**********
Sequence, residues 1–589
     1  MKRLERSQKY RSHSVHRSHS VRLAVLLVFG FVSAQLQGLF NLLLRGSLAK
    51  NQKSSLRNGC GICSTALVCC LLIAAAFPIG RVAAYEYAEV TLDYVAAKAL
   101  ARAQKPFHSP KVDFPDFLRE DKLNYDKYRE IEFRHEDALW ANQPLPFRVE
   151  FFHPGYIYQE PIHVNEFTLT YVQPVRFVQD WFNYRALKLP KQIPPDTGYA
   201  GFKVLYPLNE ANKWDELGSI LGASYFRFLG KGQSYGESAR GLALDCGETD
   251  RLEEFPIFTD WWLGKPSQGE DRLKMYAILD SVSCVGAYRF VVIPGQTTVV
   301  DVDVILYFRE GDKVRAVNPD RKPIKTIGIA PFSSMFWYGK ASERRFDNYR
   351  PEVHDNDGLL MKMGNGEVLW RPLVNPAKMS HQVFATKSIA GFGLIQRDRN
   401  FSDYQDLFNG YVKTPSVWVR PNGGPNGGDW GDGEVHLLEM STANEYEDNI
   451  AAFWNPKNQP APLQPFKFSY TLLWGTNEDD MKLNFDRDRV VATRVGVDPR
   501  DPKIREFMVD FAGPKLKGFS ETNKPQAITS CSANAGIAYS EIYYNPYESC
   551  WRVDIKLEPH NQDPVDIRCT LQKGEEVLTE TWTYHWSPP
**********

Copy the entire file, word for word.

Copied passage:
Sequence, residues 1–589
     1  MKRLERSQKY RSHSVHRSHS VRLAVLLVFG FVSAQLQGLF NLLLRGSLAK
    51  NQKSSLRNGC GICSTALVCC LLIAAAFPIG RVAAYEYAEV TLDYVAAKAL
   101  ARAQKPFHSP KVDFPDFLRE DKLNYDKYRE IEFRHEDALW ANQPLPFRVE
   151  FFHPGYIYQE PIHVNEFTLT YVQPVRFVQD WFNYRALKLP KQIPPDTGYA
   201  GFKVLYPLNE ANKWDELGSI LGASYFRFLG KGQSYGESAR GLALDCGETD
   251  RLEEFPIFTD WWLGKPSQGE DRLKMYAILD SVSCVGAYRF VVIPGQTTVV
   301  DVDVILYFRE GDKVRAVNPD RKPIKTIGIA PFSSMFWYGK ASERRFDNYR
   351  PEVHDNDGLL MKMGNGEVLW RPLVNPAKMS HQVFATKSIA GFGLIQRDRN
   401  FSDYQDLFNG YVKTPSVWVR PNGGPNGGDW GDGEVHLLEM STANEYEDNI
   451  AAFWNPKNQP APLQPFKFSY TLLWGTNEDD MKLNFDRDRV VATRVGVDPR
   501  DPKIREFMVD FAGPKLKGFS ETNKPQAITS CSANAGIAYS EIYYNPYESC
   551  WRVDIKLEPH NQDPVDIRCT LQKGEEVLTE TWTYHWSPP